Ghrishneshwar is an important Brahmanical religious center as it is believed to be one among the twelve jyotirlingas of the Indian sub-continent. The temple of Ghrishneshwar, however, is of later period, its construction ascribed to Ahilyabai Holkar of Indore who ruled between 1765 and 1795. The temple is constructed of red basalt and presents a characteristic look. The architecture also represents the local style and departs very well from the contemporary Islamic styles.
On plan the temple consists of a garbha griha (sanctum sanctorum),
antarala (antechamber) and a sabha mandapa (pillared hall). The exterior surface of the wall portion is relieved vertically and horizontally with short depth projections. The horizontal mouldings were utilised for carving different motifs.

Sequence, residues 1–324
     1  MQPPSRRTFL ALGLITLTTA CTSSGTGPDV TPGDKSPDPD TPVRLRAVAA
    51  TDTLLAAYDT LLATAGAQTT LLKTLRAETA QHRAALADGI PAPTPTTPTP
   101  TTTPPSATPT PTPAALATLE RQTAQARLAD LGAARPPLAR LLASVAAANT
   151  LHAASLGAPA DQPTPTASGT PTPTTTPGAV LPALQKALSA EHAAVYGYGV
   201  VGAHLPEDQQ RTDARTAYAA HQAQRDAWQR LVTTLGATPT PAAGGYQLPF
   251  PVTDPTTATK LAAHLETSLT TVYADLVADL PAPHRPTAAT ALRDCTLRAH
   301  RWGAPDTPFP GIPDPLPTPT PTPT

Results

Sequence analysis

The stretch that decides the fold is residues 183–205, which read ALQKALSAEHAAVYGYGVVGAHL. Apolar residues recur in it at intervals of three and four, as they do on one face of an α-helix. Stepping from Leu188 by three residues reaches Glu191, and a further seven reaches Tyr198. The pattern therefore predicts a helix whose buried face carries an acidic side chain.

The most striking feature of this temple is the five tiered shikara rising in diminishing height. The height of the
shikara is enhanced by the high wall portion of the sanctum. The
shikara is crowned by a couchant bull at each corner along with a monkey behind it. The shikara is beautifully decorated with geometric motifs and also images of Brahmanical deities including Siva and Parvati.
Ghrishneswar is the presiding deity of the locals and Verul (Ellora) was under Maloji Bhosle, the grandfather of Chhatrapati Shivaji. During
Mahasivaratri, a large fair is organised and attended by a huge number of devotees even today. On Mondays, special pujas are performed for the presiding deity.